US5276761A - Hollow waveguide for ultraviolet wavelength region laser beams - Google Patents

Hollow waveguide for ultraviolet wavelength region laser beams Download PDF

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Publication number
US5276761A
US5276761A US07/759,598 US75959891A US5276761A US 5276761 A US5276761 A US 5276761A US 75959891 A US75959891 A US 75959891A US 5276761 A US5276761 A US 5276761A
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Prior art keywords
glass tube
waveguide
laser beams
metal film
formed
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Expired - Lifetime
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US07/759,598
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Masashi Shimoyama
Kazuo Kinoshita
Naoki Tsuchiya
Tohru Fukatsu
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Ebara Corp
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Ebara Corp
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Assigned to EBARA CORPORATION reassignment EBARA CORPORATION ASSIGNMENT OF ASSIGNORS INTEREST. Assignors: FUKATSU, TOHRU, KINOSHITA, KAZUO, SHIMOYAMA, MASASHI, TSUCHIYA, NAOKI
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    • GPHYSICS
    • G02OPTICS
    • G02BOPTICAL ELEMENTS, SYSTEMS, OR APPARATUS
    • G02B6/00Light guides
    • G02B6/02Optical fibre with cladding with or without a coating
    • G02B6/032Optical fibre with cladding with or without a coating with non solid core or cladding
    • GPHYSICS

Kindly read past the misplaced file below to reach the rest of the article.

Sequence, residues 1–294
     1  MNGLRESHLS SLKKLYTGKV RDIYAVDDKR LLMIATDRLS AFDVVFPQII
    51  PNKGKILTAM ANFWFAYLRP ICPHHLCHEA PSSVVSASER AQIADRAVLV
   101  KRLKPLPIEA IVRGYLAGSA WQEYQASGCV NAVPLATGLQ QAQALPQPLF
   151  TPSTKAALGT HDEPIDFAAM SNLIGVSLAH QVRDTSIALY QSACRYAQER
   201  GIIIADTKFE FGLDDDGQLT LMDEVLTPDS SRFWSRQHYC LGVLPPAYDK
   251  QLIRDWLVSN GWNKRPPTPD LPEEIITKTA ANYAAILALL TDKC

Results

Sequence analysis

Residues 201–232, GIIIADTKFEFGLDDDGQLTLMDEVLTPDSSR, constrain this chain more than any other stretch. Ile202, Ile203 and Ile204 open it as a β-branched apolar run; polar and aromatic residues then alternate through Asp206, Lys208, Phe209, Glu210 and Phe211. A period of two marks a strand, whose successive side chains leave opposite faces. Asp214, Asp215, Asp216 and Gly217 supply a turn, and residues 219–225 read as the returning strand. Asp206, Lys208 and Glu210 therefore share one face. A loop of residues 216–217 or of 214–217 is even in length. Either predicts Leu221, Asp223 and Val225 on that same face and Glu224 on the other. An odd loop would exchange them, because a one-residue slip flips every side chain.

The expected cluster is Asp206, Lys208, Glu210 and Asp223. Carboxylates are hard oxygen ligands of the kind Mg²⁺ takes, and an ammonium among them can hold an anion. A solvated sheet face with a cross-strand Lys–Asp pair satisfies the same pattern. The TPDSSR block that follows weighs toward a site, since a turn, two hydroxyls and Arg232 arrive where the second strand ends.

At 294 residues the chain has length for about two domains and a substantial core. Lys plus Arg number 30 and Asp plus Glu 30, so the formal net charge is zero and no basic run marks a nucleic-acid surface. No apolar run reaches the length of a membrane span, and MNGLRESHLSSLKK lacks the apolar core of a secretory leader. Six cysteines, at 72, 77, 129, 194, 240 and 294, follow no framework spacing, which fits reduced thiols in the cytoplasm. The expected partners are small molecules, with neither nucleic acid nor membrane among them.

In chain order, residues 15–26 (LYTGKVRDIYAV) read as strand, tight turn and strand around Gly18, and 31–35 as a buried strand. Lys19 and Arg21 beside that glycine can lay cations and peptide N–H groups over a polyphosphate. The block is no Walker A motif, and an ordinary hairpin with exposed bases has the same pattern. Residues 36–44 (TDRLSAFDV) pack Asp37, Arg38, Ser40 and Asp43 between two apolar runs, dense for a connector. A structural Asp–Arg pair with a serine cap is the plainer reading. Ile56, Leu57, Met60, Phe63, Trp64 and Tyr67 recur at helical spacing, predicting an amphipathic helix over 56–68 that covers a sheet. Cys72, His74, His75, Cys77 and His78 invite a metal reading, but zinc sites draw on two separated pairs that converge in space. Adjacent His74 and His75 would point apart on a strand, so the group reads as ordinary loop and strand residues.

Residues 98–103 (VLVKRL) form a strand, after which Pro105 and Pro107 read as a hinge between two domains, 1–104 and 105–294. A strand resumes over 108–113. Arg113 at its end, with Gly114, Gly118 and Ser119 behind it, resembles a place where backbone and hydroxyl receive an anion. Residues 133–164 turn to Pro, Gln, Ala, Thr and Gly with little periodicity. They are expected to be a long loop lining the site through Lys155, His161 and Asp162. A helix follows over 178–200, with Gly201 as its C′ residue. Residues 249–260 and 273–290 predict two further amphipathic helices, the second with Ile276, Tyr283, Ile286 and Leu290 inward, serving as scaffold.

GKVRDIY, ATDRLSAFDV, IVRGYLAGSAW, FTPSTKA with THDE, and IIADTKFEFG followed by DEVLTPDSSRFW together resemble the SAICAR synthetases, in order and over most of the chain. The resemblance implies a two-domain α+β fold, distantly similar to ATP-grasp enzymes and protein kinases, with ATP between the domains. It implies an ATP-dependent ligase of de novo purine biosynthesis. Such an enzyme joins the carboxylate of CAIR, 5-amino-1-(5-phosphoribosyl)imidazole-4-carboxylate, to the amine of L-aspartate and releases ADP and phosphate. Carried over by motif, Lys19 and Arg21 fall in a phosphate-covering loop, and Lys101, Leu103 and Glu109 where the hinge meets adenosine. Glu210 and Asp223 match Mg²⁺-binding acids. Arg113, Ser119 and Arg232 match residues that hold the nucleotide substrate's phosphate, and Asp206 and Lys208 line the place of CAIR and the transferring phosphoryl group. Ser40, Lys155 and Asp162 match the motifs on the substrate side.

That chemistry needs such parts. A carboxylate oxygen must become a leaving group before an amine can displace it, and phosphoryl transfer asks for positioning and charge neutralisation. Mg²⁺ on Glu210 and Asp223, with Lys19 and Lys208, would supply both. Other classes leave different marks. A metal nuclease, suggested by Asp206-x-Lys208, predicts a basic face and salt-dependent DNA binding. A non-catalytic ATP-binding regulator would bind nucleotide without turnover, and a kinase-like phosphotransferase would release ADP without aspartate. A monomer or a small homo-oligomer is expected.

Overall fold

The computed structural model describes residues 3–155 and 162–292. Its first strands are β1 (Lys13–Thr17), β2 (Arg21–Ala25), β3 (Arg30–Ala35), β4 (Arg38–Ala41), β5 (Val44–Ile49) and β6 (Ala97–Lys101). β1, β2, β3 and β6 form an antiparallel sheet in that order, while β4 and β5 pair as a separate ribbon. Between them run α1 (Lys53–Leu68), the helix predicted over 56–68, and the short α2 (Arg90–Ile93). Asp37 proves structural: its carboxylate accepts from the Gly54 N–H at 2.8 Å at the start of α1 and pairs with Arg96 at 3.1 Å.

• G02OPTICS
    • G02BOPTICAL ELEMENTS, SYSTEMS, OR APPARATUS
    • G02B6/00Light guides
    • G02B6/10Light guides of the optical waveguide type
    • G02B6/102Light guides of the optical waveguide type for infra-red and ultra-violet radiation
    • GPHYSICS
    • G02OPTICS
    • G02BOPTICAL ELEMENTS, SYSTEMS, OR APPARATUS
    • G02B6/00Light guides
    • G02B6/24Coupling light guides
    • G02B6/42Coupling light guides with opto-electronic elements
    • G02B6/4296Coupling light guides with opto-electronic elements coupling with sources of high radiant energy, e.g. high power lasers, high temperature light sources

Abstract

A hollow waveguide for ultraviolet wavelength region laser beams incorporates a glass tube composed of a glass material exhibiting a high transmissivity with respect to ultraviolet rays and an excellent environment resistant property, and a metal film exhibiting a high reflectivity with respect to the ultraviolet rays and formed outside the glass tube. The glass tube serves as an inner surface of the waveguide. The ultraviolet wavelength region laser beams are transmitted while being reflected by the inner surface of the glass tube and by an interface between the glass tube and the metal film.

Description

BACKGROUND OF THE INVENTION

1. Field of the Art

The present invention relates to a hollow waveguide for transmitting high output ultraviolet laser beams at a high efficiency.

2. Prior Art